4. China: China has enacted laws such as the “Personal Information Protection Law” and the “Data Security Law” to protect personal data privacy and data security, including biometric data.

5. Singapore: Singapore’s Personal Data Protection Act establishes the protection of biometric data. The law requires data processors to adhere to specific data protection principles, such as clear purpose limitation, reasonable use, and security protection.

Among them, the European Union’s General Data Protection Regulation (GDPR) has a higher level of legal effect.

Therefore, Worldcoin explicitly states in the biometric consent form disclosed on its official website:

“We comply with the principles of GDPR regarding privacy matters. If the data privacy laws of your country do not reach the level of protection provided by GDPR, we will still process your data in accordance with GDPR (protection specifications).”

Specifically, in Section 3.6 of the “Biometric Consent Form,” Worldcoin provides detailed explanations of the guidelines followed and risk mitigation measures taken in different regions during the collection and transfer of data. In summary, “We will not profit from users’ biometric data through buying, selling, renting, or any other means.”

We also discovered a detail in the “Consent Form” – although Worldcoin claims that the iris information collected by Orb will be deleted at the same time as generating the World ID to ensure privacy is not leaked, the relevant data is not only stored locally but also transferred to companies in the United States or the European Union for model training. The risk control plan provided by Worldcoin is that the relevant data is encrypted unidirectionally, generating digital codes, and will not directly transmit images.

From a technical perspective, Vitalik discussed privacy and security issues related to iris collection in “What do I think about biometric proof of personhood?” and expressed:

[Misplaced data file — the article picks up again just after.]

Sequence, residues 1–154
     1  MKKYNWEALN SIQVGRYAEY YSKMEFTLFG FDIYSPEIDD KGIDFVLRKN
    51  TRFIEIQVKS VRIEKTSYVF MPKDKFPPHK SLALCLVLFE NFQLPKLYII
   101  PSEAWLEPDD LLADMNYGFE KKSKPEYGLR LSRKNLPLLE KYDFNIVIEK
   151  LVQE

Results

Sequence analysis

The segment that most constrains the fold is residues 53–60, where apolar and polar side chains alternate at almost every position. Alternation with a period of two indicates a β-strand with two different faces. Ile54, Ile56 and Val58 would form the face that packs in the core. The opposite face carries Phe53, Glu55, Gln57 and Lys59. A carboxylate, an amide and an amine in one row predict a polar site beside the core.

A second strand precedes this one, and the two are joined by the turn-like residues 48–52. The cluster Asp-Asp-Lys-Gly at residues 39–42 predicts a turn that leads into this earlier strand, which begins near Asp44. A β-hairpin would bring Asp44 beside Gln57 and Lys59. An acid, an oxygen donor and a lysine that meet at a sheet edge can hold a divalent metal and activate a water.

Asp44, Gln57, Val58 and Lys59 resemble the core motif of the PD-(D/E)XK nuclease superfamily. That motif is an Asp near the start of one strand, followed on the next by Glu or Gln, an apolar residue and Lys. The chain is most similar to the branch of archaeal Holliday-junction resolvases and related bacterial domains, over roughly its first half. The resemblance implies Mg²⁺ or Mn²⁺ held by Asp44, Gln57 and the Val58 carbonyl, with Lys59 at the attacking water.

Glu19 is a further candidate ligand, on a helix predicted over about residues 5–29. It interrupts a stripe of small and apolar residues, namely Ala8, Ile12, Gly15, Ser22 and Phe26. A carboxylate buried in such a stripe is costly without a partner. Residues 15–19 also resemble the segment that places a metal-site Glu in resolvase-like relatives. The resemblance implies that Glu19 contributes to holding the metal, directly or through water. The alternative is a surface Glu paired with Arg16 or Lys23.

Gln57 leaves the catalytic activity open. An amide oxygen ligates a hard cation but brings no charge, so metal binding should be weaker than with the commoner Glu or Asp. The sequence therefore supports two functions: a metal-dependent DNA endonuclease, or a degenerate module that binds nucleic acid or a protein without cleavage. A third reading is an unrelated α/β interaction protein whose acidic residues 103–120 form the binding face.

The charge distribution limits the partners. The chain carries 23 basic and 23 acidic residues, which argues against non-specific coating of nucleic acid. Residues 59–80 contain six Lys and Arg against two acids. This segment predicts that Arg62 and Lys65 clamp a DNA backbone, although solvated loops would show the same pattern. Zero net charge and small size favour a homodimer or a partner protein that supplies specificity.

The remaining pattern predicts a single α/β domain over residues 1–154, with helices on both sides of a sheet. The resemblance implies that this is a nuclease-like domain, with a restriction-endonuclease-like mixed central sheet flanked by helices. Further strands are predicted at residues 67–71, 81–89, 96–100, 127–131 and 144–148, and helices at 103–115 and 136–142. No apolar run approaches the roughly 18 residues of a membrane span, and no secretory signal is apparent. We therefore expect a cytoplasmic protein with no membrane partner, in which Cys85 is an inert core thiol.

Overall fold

1. Users’ phones may be hacked, and users may be forced to scan their irises when displaying their public keys. There is also the possibility of using 3D printing technology to create “dummy people” who can scan irises and obtain others’ World ID.

2. The iris scanning register may leak information, at least it may be used to check whether one has a World ID, and iris scanning may also reveal more information. Privacy protection measures need to be considered when implementing such technology to prevent unauthorized access and protect users’ privacy.

Looking at the positive aspect, Worldcoin, which aims to become the human ID in the AI era, has indeed attracted the attention of governments around the world with this radical approach. Perhaps this is an opportunity to push various regions to discuss more widely accepted personal data protection standards. At the same time, from the perspective within the industry, Orb has opened a new “real” traffic window for the Web3 world.

On the other hand, in terms of practical implementation, it is not realistic to allow a company to control global identity data. The single point of technological and moral risk involved is significant. Moreover, as the foundation for implementing “universal basic income,” Orb’s uniform 25 WLD “iris data acquisition price” will naturally encounter resistance from developed regions that value “data sovereignty.”